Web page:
• improvements, renovations, extensions and alterations, and
  • initial repairs, for example, in remedying defects, damage or deterioration that existed at the date you acquired the property.

How are these deductions calculated?  Well this is where it gets complex and where the benefits of having a  professionally prepared ‘Tax Depreciation Schedule’ prepared by a quantity surveyor such as BMT are invaluable.  I know of quite a few examples where our landlords literally were able to claim thousands of dollars worth of extra deductions once they had their report done – I highly recommend it.

To work out your deduction there are two methods. Both methods are based on the effective life of the asset (which is determined by ATO ruling TR2014/4.  The ‘Diminishing Value’ method is most commonly used and assumes that the decline in value each year is a constant proportion of the remaining value and produces a progressively smaller decline over time (allowing higher deductions immediately).  The ‘Prime Cost Method’ assumes that the value of a depreciating asset decreases uniformly over its effective life (meaning smaller claims up front, which is why it is not as popular.)  The decline in value calculator on the ATO website  will help you with the choice and the calculation.

Diminishing Value Method
Base value*      x      Days held       x        200% (on or after May 06) or 150% (prior to May 06) 
                                        365                                                asset’s effective life
 *for the income year which an asset is first used or installed ready for use for any purpose, the base value is the asset’s cost. For a later income year, the base value is the asset’s opening adjustable value plus any amounts included in the assets’ second element of cost for that year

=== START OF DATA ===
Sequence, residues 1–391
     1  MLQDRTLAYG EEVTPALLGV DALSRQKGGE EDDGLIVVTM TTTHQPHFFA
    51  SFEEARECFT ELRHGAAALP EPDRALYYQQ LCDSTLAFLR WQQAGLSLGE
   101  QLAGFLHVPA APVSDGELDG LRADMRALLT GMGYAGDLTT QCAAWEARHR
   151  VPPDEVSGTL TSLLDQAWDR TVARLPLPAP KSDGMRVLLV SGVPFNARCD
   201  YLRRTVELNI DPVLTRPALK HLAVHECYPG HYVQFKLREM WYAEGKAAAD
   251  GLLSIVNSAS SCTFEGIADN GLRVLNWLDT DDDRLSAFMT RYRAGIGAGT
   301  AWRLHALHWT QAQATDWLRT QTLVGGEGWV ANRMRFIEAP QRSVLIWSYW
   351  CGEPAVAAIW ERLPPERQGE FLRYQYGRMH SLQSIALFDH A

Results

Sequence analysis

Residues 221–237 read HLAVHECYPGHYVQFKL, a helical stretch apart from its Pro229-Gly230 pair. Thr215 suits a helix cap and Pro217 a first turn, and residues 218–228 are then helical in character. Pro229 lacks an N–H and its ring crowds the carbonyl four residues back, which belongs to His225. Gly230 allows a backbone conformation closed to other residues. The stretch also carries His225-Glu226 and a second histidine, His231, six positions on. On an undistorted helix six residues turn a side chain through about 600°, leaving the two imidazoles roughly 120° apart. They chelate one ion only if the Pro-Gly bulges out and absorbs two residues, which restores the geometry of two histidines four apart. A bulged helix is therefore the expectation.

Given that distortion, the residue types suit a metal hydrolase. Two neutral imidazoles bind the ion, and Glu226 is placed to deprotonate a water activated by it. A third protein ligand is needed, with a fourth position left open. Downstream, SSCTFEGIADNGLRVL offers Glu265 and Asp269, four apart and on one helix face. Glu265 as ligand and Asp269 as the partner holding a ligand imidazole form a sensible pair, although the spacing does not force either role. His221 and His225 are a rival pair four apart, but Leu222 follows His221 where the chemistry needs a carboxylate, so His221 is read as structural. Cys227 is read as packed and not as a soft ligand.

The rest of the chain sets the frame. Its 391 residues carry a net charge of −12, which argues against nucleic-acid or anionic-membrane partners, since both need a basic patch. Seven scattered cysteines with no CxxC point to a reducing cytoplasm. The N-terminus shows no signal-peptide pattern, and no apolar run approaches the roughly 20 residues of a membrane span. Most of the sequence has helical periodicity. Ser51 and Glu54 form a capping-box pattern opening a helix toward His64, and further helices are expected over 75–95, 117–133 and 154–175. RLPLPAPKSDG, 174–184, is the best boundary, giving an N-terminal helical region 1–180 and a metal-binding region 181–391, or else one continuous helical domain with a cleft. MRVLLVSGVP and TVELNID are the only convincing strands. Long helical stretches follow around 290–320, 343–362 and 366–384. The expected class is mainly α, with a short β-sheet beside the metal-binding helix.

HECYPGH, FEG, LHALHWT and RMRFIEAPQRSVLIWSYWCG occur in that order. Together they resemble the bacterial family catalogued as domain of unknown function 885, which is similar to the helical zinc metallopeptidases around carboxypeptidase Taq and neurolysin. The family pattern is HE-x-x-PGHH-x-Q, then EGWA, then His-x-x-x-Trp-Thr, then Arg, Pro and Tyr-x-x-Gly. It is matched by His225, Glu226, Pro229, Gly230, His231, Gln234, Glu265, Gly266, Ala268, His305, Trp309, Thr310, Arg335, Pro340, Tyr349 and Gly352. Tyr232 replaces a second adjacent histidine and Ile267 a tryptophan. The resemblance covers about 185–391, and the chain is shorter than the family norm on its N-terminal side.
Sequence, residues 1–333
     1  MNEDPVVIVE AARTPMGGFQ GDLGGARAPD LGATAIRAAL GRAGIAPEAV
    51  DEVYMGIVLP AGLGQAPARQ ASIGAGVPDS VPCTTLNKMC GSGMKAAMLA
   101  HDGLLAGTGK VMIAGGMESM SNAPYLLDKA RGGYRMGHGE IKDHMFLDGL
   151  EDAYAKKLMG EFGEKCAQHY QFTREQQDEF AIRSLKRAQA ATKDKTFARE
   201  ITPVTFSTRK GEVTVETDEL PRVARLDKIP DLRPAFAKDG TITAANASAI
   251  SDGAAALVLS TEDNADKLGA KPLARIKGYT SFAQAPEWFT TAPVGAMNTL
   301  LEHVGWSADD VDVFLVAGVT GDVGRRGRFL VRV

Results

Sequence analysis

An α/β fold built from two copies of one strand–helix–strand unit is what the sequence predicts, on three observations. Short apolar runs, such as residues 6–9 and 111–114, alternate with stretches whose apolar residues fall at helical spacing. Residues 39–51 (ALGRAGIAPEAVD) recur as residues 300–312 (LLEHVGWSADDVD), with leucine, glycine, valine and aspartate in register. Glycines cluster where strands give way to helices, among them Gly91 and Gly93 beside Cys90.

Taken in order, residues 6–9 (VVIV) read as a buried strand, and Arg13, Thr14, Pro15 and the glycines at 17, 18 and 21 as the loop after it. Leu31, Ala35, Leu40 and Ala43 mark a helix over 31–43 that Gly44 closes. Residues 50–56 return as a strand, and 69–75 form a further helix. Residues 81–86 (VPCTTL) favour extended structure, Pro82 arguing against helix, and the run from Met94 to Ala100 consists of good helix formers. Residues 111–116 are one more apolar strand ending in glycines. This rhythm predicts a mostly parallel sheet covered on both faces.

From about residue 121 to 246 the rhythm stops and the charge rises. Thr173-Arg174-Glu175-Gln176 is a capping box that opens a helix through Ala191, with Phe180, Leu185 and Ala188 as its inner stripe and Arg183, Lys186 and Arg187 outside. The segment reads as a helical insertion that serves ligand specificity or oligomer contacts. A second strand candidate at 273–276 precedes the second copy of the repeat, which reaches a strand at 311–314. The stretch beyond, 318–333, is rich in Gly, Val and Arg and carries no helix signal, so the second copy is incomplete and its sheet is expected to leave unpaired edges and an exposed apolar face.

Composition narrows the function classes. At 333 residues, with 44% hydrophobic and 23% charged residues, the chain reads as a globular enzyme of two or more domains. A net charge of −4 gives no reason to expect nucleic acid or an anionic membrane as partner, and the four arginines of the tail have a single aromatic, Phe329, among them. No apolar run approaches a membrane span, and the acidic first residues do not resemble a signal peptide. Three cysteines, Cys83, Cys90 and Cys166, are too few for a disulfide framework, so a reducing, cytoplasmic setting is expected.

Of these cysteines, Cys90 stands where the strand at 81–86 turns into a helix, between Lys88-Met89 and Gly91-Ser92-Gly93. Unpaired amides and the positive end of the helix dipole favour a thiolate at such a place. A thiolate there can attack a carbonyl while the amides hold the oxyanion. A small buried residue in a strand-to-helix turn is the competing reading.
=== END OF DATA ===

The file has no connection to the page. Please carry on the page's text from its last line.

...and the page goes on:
Prime Cost Method
Assets cost      x      Days held       x                  100% 
                                        365                        asset’s effective life

Example of Claim using ‘Diminishing Value’ method for the supply and installation of $2000 split system air con
On the 1st July you install a split system air con (so unit is held for 365 days).  The cost to supply and install the unit is $2000.00  The ATO effective life is 10 years. The claim for the first year using the above calculation would be $400.  The following year, the written down value of the (cost $2000, less 1st years depreciation of $400) is used as calculate the ‘base value’ of $1600.  This would then mean the claim in the following year is $320.
Effective life of the most common items from the current ruling TR2014/4 are;

  • Cooktop – 12 years
  • Oven – 12 years
  • Dishwasher – 8 years
  • Carpet – 10 years
  • Floating timber floors – 15 years
  • Vinyl – 10 years
  • Aircon ducted r/c – 15 years
  • Aircon evaporative – 20 years
  • Aircon split system (under 20kw) – 10 years
  • Ceiling fan – 5 years
  • Heater – 15 years
  • Heater ducted – 20 years
  • Hot water gas or electric – 12 years
  • Hot water solar – 15 years
  • Light fittings – 5 years
  • TV Antennae – 10 years
  • Solar System – 20 years
  • Window Blinds – 10 years
  • Window Curtains – 6 years
  • Smoke Alarm – 6 years
  • Watering System – 5 years
  • Garden shed – 15 years
  • Septic/Sewage system – 8 years

This is a complex subject, which is why it is important if you have an investment property you have a professionally prepared Tax Depreciation Report (we recommend the services of BMT Quanitity Surveyors) land a good accountant complete your tax to maximise your return.  Claims/deductions can be made for items that were already in the house when you purchased it!

For more information view the full Guide for Rental Property Owners from the ATO.